Austin J. W. Hendy

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It has previously been thought that there was a steep Cretaceous and Cenozoic radiation of marine invertebrates. This pattern can be replicated with a new data set of fossil occurrences representing 3.5 million specimens, but only when older analytical protocols are used. Moreover, analyses that employ sampling standardization and more robust counting(More)
The late Miocene Gatun Formation of northern Panama contains a highly diverse and well sampled fossil marine assemblage that occupied a shallow-water embayment close to a purported connection between the Pacific and Atlantic (Caribbean) oceans. However, the diverse chondrichthyan fauna has been poorly documented. Based on recent field discoveries and(More)
Kogiids are known by two living species, the pygmy and dwarf sperm whale (Kogia breviceps and K. sima). Both are relatively rare, and as their names suggest, they are closely related to the sperm whale, all being characterized by the presence of a spermaceti organ. However, this organ is much reduced in kogiids and may have become functionally different.(More)
—Previous analyses of the history of Phanerozoic marine biodiversity suggested that the post-Paleozoic increase observed at the family level and below was caused, in part, by an increase in global provinciality associated with the breakup of Pangea. Efforts to characterize the Phanerozoic history of provinciality, however, have been compromised by(More)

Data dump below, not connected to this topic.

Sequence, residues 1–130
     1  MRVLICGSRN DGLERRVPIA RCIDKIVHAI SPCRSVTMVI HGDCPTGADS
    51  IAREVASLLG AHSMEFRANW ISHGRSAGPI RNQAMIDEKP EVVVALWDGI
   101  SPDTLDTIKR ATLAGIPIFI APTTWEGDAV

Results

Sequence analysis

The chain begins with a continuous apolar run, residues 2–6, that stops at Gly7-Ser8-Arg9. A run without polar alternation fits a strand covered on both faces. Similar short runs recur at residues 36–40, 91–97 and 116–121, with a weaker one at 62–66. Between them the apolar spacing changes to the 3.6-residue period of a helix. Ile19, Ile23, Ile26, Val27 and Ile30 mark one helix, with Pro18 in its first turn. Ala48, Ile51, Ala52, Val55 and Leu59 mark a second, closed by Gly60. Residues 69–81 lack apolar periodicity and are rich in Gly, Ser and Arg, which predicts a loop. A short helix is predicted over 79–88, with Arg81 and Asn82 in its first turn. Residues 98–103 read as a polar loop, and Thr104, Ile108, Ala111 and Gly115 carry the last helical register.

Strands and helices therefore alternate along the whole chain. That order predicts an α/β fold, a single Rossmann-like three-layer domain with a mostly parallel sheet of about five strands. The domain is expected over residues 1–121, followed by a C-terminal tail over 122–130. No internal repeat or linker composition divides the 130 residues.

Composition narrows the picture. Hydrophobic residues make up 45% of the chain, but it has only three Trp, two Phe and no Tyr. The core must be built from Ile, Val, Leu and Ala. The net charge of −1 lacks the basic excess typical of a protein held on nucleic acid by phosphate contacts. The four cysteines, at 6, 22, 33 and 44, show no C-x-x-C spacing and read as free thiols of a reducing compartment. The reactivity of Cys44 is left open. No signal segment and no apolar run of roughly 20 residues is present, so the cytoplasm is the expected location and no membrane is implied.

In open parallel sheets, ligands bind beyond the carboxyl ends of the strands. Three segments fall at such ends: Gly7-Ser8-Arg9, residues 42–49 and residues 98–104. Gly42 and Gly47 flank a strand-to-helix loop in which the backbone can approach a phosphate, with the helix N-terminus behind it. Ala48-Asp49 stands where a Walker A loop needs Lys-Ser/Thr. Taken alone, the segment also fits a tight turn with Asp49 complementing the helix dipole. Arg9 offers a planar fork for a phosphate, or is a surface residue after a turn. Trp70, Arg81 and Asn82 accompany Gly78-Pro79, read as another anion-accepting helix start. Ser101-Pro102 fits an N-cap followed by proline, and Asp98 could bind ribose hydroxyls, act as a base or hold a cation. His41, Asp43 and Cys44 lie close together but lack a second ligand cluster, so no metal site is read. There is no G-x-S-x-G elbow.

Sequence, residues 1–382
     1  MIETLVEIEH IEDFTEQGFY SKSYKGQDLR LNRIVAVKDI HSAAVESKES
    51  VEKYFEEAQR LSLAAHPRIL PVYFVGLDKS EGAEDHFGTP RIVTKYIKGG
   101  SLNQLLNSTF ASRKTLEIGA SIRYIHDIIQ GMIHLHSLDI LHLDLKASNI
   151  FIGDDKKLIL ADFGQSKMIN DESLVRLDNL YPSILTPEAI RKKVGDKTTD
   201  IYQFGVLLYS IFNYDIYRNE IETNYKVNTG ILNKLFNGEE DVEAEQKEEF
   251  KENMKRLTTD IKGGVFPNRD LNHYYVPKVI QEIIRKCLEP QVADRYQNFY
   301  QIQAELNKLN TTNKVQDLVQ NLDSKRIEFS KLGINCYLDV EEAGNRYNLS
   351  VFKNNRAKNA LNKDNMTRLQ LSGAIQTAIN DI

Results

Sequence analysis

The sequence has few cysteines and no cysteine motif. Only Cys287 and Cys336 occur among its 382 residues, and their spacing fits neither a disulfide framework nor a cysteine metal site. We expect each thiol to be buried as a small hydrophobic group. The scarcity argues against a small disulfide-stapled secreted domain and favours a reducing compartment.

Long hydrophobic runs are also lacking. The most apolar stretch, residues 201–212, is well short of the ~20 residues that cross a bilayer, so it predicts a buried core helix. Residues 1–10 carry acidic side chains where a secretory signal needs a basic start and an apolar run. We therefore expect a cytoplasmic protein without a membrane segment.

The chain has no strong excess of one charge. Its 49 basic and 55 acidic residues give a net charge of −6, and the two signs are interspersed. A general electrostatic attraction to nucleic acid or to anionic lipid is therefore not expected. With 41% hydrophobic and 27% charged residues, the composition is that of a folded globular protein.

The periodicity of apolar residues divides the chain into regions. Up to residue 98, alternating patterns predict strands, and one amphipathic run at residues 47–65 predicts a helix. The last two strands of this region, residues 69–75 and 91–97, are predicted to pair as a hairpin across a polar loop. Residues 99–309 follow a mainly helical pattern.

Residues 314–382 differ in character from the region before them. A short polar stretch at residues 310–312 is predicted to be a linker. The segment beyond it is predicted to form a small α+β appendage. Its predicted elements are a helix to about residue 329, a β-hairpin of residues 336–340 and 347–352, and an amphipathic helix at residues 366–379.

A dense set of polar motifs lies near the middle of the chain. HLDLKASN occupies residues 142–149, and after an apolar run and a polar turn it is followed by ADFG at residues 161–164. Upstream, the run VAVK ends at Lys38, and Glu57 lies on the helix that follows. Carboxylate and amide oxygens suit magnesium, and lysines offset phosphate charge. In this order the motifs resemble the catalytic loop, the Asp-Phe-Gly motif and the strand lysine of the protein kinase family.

Associations of fossil genera and species commonly display repeated and predictable patterns of change in stratigraphic sections. These changes exhibit some analogies with the phenomenon of ecological succession but are longer-term allogenic temporal changes, occurring over time scales of tens to hundreds of thousands of years, that should be referred to as(More)
Occurrence-based databases such as the Palaeobiology database (PBDB) provide means of accommodating the heterogeneities of the fossil record when evaluating historical diversity patterns. Although palaeontologists have given ample attention to the effects of taxonomic practice on diversity patterns derived from synoptic databases (those using first and last(More)
The affiliation for the second author is incorrect. Aaron R. Wood is affiliated with #3 and with #6: Florida Museum of Natural History, University of Florida, Gainesville, Florida, United States of America. The Funding section is incorrect. The correct funding information is: Funding for this project was provided by National Science Foundation Partnerships(More)
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